The difference in effects of traumatic brain injury on male and female adolescents is important in understanding risk factors and tailoring prevention efforts, new research indicates. The study was published online in PLOS One.
Gabriela Ilie, MD, of the division of neurosurgery and injury prevention research office at St. Michael’s Hospital in Toronto, and colleagues surveyed 9,288 Ontario students in 7th through 12th grade on whether they have experienced traumatic brain injury (TBI) along with 13 psychological health correlates including cigarette smoking, suicide ideation, bullying, cannabis use, and binge drinking.
Reports of lifetime TBI, as defined as a hit or blow to the head that resulted in a 5-minutes loss of consciousness or at least one overnight hospitalization due to associated symptoms, were more common in males than females (23.1%, 95% CI: 20.5, 25.8 vs. 17.1%, 95% CI: 14.7, 19.8). The researchers found that sex moderated the relationship between TBI and cigarette smoking, while sex and age jointly moderated the relationship between lifetime TBI and daily smoking, alcohol abuse, and physical injuries.
In late adolescents with TBI, males showed an elevated rate of daily smoking and injuries compared to relative females, who displayed an elevated rate of past-year drinking. “Adolescent males and females who reported lifetime TBI also reported past year concurrent daily smoking, drinking, binge drinking, using cannabis, drug use problems, cyberbullying, bullying others, poor current marks in school, and being treated for physical injuries, compared to their peers who did not report a TBI,” the researchers wrote.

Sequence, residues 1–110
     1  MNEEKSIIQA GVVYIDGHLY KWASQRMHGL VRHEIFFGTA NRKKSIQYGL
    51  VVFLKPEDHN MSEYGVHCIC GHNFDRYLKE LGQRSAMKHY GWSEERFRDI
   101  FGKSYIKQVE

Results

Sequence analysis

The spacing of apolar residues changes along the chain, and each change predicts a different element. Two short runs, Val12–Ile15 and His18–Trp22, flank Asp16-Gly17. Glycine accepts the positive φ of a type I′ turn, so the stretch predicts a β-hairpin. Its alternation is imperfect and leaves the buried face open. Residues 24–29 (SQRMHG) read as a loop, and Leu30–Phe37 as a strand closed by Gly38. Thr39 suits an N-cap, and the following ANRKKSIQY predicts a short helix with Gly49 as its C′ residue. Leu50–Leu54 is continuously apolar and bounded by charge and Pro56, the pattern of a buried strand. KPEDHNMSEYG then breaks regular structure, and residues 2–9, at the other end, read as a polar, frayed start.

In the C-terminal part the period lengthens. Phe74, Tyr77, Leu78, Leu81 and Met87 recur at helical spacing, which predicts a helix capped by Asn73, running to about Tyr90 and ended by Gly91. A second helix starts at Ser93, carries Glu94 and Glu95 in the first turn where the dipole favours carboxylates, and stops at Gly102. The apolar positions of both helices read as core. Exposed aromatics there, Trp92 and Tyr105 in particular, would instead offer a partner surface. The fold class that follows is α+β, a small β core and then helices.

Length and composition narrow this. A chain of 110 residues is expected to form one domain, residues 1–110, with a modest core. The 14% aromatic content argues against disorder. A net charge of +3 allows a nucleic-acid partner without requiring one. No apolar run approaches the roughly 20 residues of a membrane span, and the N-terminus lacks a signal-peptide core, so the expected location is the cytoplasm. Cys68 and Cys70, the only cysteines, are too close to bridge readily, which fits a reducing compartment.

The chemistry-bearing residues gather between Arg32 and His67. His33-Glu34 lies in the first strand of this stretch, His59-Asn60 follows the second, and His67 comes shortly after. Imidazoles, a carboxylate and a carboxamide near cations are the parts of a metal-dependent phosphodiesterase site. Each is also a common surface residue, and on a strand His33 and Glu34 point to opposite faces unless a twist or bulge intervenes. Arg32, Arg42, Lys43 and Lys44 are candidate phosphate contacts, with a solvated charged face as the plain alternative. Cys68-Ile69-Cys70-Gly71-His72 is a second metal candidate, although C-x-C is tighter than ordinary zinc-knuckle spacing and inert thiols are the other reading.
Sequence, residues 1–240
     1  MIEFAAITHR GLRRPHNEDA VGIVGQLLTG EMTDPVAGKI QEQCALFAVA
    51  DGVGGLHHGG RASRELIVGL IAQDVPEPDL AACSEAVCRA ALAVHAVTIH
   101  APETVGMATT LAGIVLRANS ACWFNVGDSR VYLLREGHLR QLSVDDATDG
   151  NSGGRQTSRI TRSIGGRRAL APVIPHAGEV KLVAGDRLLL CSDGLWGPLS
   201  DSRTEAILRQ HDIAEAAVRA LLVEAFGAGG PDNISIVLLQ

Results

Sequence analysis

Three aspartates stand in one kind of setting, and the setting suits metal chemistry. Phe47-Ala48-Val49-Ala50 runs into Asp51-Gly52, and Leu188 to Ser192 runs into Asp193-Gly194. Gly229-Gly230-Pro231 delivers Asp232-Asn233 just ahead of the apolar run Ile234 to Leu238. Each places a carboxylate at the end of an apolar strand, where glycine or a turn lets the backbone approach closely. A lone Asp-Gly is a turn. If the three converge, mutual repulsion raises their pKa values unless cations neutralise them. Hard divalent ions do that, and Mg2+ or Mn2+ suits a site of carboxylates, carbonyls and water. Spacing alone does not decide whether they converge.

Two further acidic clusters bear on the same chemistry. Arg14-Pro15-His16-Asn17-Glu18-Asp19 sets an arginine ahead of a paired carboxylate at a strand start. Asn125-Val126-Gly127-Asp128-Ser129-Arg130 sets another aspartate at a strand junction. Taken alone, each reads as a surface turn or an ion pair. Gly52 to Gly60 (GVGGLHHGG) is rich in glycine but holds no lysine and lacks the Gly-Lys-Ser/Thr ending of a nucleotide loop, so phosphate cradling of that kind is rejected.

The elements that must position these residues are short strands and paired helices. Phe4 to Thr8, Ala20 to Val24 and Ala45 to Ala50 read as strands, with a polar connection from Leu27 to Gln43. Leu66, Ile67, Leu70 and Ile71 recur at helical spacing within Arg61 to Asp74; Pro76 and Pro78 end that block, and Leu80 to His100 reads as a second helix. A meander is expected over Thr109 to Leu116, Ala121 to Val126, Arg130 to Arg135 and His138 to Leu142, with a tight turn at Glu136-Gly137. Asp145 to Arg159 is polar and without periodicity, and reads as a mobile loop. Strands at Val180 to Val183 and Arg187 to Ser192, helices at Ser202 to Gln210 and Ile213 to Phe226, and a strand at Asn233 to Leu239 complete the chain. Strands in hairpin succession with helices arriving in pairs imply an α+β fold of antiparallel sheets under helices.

The results, the researchers said, could indicate that the adverse correlates are used as a type of coping mechanism to deal with the effects of TBI.
This study aims to establish whether age and sex moderate the influence of other traumatic brain injury psychological health correlates.
Gabriela Ilie, MD, of the division of neurosurgery and injury prevention research office at St. Michael’s Hospital in Toronto, and colleagues assessed whether either sex, or sex and age both moderate the association between traumatic brain injury and various psychological health traumatic brain injury associates—specifically, academic performance, mental health, substance use, bullying, suicide, and physical injuries. Results have important implications for more tailored injury prevention efforts.